Sometimes A Hill: Poems written during a time of trouble

by David Gilbert

August 11, 2016

I have been unwell. These are some poems written during a period of deep anxiety. I hope  you get something from them.


At First

You were still a girl
when you set out
believing in nothing

but your arms, the pull of oars
and the small islands beyond the bay,
promising, absolutely promising

you’d be safe
and not go too far
in the weathered boat.

You rowed without thought
the light rain, at first
delighting your skin

before the sky’s battering
brought down a mauve blanket
in front and behind your blinded eyes.

And you thought of the Ark,
of granny looking out from the shore,
how water can be as heavy as a burial

how a touch of rain can be a prophesy,
even when a moment – a lifetime - ago,
you did not believe.

And what promises mean
and your lack of plans.
Then there’s the rocking and jerk and tip

and suck of cold.

You don’t remember
the speedboat that brought you back
that, at first, your granny believed

could only be bad news
or of the moment after letting go
to nature, chance, God, whatever.




He warned of the fires
that would rip at the mountainside
and spill into town
where the buildings were ready to burn.

The weather had been ugly hot
the eucalyptus on the hills like tinder.
The government didn't do much
and the locals were asleep.

There was an arsonist on the loose
and the lazy firefighters on strike.
This island would never learn.
It deserved everything it got.

But last night, I woke
to the rain’s whispering fall.
Sometimes everything is set
yet nothing happens.



Sometimes A Hill (A semi-found poem)


There is no universal definition of a mountain. Elevation, volume, relief, steepness, spacing and continuity have been used as criteria for defining a mountain.

Sometimes a

In the Oxford English Dictionary, a mountain is defined as a “natural elevation of the earth surface rising more or less abruptly from the surrounding level and attaining an altitude which, relative to the adjacent elevation, is impressive or notable”.

Sometimes a hill

The eleven largest countries without a ‘mountain’ are The Gambia, Kuwait, Moldova, The Netherlands, Uruguay, Guinea-Bissau, Denmark, Estonia, Latvia, Lithuania and Belarus.

Sometimes a hill is

The highest point in The Netherlands is 321 metres and is shared by Belgium and Germany

Sometimes a hill is sad

Het Hogeland (The High Country) in the North, near Groningen is only a few metres higher than the surrounding land.

Sometimes a hill is sad that

In Phoenix, Arizona, there are hills called Camelback Mountain and South Mountain.

Sometimes a hill is sad that it

In Mississippi one day, a teacher told his primary school kids about Mount Everest. One of the kids asked him what a mountain was. He tried explaining that it’s like a huge pile of rocks that’s bigger than anything they’d seen, and one kid raised a hand and said ‘so, it’s bigger than a car?”.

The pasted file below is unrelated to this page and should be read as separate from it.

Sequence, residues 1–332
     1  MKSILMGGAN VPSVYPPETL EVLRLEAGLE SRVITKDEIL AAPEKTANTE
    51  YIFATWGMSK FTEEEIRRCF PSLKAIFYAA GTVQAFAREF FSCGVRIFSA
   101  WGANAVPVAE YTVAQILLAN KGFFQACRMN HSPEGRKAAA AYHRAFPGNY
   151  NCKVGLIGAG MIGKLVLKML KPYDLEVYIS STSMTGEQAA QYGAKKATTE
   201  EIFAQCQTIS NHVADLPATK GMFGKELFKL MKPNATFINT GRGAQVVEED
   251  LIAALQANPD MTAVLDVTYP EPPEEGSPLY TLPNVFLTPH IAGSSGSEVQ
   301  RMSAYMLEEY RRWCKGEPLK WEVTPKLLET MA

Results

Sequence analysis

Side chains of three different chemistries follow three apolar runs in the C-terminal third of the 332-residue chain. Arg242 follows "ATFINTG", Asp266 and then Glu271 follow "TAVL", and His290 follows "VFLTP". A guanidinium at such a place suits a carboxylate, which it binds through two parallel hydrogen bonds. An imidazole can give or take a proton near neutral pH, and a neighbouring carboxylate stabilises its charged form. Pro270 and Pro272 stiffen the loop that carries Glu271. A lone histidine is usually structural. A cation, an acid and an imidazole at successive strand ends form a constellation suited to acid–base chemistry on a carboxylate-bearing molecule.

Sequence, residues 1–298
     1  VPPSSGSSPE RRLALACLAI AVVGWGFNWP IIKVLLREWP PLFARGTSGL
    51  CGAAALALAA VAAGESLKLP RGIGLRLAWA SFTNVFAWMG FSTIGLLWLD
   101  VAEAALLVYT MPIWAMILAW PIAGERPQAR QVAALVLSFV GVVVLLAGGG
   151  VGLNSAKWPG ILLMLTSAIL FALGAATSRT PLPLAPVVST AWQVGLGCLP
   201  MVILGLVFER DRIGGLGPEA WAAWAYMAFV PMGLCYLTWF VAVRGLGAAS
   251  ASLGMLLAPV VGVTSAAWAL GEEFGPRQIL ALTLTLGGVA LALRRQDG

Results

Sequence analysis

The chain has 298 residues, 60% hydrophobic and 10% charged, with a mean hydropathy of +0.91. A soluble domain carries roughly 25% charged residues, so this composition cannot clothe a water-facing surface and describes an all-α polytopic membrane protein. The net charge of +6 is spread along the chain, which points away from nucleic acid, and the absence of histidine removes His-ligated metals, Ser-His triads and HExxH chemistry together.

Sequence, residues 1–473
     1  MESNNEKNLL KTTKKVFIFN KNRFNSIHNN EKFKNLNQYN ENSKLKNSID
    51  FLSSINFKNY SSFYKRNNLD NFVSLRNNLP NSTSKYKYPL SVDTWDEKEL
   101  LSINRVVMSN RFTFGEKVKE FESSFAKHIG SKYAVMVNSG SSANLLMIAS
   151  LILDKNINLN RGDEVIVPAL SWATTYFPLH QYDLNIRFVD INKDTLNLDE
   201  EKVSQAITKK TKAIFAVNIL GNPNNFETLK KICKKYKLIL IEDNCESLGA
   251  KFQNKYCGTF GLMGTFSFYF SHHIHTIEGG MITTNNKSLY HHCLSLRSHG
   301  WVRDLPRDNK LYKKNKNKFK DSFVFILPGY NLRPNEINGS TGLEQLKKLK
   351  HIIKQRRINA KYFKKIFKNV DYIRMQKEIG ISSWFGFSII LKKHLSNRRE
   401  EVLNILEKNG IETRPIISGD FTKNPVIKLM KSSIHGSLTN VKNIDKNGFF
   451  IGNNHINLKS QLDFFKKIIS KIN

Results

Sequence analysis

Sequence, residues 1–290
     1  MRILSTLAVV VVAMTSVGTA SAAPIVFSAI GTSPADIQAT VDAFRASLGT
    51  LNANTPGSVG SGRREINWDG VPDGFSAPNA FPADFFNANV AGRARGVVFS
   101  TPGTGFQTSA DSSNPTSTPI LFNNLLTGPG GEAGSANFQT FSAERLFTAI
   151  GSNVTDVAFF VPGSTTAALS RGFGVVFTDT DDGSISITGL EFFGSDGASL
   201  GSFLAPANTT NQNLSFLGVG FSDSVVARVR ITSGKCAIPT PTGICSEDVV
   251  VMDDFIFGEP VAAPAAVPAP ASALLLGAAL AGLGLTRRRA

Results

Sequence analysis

Sometimes a hill is sad that it is not

In Lithuania, the words for ‘hill’ and ‘mountain’ are pretty much interchangeable. And a mountain can be called a mountain if it has something of interest on top, like a fort or monument.

Sometimes a hill is sad that it is not a

In Latvia, a mountain is almost anything that you need to put noticeable effort to walk onto. It's highest peak is Mount Gaizins at 311 metres.

Sometimes a hill is sad that it is not a mountain

And, while Denmark proper is relatively flat, the Danish Crown owns Greenland (which has mountains).

Sometimes a mountain is sad that it is not a hill



The Walking

So we get to where we get to
turn around to look how far we’ve come
along the ridge.

We can still just make out the café
where we had lunch a long time ago.
The buzzard in the chrome blue sky

tells that this is where we got to
last time, when the walking
was far easier

when there was somewhere else to get to
and the buzzard told of more
than its circling.



I was trying not to think about anything
and panicking
every time my mind went blank

and telling myself I was allowed
to think about anything
and that I shouldn’t panic

if I thought about anything scary
or if my mind went blank.
Then I thought about nougat

which is odd
because I don’t particularly like nougat
or dislike it.

I have no memory associated with nougat
except the banal association
that it gets stuck between your teeth.

So perhaps it is a metaphor.
But that didn't seem to strike true
so I thought about it some more

and could imagine
the long pink boxes of nougat
we sometimes bring back from Finland

that are quite nice
but nothing to write home about.
And that’s about it.

So I’m still thinking about nougat
and why I thought about nougat
and not getting very far.



The White Table

Instead of starting your day
you might just want to head out
into the garden

where a spider waits on thought
and the white table is dusted with leaves
that have fallen in the night.

From there, barefoot on the grass
dare to look up at who knows
what freightless birds

travel without you across
the immeasurable sky. Then
down, then feed the cat.


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2 comments on “Sometimes A Hill: Poems written during a time of trouble”

  1. DavidJust to say I hope you are back in good health. I've just come infrom a frustrating meeting of Patient Partners with the Trust. It is worth it all for the patients we serve.Geoff

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